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PCSNY March Lecture–Lois Martin

March 10, 2016 @ 6:00 pm - 8:00 pm

The following lecture will take place at 6 pm on Thursday, March 10th in the Lecture Hall of the Institute of Fine Arts, 1 East 78th Street at Fifth Avenue. A reception with wine and cheese will follow in the Loeb Room. RSVP to info@pcsny.org

The “Coatlicues” as the Chicomecoatls: Rattlesnakes, Corn, and Aztec Science

Lois Martin
(Independent Scholar)

The Aztec stone colossus known as Coatlicue shows the headless and handless body of a standing, bare-breasted woman with a skirt of intertwined snakes and a necklace of human hearts and hands. Rattlesnakes emerge from her severed neck and wrists; these have long been interpreted as torrents of blood streaming from mortal wounds. Along with three other almost identical “sister” statues, Coatlicue has been understood as a sacrificial victim—of the sort that the Aztec state executed in gruesome public spectacles. My research re-examines Coatlicue’s snakes and finds nuanced details that faithfully reproduce the morphology and seasonal behavior of a specific type of rattlesnake with multiple associations to maize. I will argue that the monument is an Aztec version of a pan-Mesoamerican iconography linking regal authority to maize agriculture, and that the statue records sophisticated biological information gleaned from the practice of Aztec science, and not just sensational gore.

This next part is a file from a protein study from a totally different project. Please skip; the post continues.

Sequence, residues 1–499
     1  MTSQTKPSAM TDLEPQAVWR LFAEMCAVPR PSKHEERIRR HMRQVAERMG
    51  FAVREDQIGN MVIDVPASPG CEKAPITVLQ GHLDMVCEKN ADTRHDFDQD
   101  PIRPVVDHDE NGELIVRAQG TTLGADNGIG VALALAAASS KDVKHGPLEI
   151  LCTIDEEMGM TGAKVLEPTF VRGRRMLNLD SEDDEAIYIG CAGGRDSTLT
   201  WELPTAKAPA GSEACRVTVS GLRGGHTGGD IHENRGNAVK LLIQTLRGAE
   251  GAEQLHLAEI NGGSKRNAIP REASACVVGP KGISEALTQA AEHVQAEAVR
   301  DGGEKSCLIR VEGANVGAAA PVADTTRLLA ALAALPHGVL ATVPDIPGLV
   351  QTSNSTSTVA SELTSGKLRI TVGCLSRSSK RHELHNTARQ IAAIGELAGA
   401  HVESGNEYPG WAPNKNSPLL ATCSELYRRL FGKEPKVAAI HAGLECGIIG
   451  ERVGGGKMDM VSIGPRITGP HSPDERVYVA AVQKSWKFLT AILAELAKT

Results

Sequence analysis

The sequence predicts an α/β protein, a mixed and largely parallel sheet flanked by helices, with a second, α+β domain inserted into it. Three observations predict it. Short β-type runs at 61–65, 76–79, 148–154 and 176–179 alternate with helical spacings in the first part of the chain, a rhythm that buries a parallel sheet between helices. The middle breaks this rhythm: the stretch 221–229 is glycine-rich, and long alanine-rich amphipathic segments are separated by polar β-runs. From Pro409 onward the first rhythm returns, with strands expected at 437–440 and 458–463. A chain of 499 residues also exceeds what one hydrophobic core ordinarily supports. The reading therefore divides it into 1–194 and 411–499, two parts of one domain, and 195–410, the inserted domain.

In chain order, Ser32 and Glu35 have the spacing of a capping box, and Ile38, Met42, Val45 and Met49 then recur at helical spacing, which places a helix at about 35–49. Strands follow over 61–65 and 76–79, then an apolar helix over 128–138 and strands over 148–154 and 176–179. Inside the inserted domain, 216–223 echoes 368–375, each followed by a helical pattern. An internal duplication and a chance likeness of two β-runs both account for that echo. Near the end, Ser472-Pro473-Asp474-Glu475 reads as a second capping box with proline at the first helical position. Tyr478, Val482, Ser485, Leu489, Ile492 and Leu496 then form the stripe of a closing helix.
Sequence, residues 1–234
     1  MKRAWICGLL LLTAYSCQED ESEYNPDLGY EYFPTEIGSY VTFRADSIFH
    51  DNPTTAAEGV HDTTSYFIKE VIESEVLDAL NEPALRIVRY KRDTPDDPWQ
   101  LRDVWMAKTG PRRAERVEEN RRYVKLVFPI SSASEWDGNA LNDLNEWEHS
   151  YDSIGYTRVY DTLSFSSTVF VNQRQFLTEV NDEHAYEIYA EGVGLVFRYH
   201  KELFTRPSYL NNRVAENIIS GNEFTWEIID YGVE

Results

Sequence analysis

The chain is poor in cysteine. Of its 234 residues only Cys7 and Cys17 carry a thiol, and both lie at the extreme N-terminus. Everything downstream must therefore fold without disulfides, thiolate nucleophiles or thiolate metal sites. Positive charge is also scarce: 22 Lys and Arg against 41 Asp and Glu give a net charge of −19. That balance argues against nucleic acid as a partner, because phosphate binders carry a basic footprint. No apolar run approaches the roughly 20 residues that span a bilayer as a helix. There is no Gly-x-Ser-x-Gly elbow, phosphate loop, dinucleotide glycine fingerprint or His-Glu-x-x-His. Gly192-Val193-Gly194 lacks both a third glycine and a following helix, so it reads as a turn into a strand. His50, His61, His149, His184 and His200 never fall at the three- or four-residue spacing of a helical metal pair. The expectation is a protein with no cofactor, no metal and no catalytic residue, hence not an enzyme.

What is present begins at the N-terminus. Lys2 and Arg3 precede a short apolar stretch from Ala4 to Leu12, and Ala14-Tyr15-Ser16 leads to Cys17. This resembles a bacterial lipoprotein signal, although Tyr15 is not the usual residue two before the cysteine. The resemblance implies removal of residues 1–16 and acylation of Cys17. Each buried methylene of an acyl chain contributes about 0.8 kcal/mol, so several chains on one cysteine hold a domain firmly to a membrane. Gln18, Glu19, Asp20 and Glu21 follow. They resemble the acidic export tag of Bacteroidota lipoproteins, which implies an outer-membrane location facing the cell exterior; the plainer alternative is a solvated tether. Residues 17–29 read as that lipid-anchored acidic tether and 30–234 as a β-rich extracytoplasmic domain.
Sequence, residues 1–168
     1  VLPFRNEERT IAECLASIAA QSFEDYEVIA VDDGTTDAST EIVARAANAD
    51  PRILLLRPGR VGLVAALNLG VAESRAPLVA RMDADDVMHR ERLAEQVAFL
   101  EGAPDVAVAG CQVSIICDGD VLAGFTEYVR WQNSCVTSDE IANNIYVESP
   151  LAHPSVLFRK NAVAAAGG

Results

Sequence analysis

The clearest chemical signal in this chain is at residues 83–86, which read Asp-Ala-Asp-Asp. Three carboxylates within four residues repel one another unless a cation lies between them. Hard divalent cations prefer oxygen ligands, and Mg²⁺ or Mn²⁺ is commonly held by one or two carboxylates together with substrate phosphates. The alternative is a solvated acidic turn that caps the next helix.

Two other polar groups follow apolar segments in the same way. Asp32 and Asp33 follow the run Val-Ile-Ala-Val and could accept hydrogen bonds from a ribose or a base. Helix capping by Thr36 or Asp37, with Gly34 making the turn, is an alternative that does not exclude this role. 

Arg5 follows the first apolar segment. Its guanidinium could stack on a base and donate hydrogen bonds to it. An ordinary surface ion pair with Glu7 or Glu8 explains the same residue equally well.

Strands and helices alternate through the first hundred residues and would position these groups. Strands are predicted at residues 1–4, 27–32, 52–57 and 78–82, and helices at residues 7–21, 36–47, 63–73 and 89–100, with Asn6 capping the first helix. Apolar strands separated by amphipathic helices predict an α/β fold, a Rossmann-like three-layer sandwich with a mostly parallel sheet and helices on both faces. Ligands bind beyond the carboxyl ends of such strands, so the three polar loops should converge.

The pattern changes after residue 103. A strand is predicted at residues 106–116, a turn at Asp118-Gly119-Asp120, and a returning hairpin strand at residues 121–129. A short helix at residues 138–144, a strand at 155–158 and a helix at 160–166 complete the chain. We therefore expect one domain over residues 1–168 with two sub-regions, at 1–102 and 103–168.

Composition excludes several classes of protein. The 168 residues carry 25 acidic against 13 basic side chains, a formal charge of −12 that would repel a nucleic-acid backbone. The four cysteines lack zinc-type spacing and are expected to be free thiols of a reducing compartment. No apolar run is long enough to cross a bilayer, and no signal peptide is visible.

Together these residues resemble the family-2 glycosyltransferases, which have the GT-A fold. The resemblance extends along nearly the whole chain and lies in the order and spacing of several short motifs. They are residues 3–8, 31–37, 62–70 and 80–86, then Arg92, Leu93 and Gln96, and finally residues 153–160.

Chicomecoatl codex florentine copy


March 10, 2016
6:00 pm - 8:00 pm




NYU Institute of Fine Arts
1 E. 78th St.
New York, NY 10075 United States
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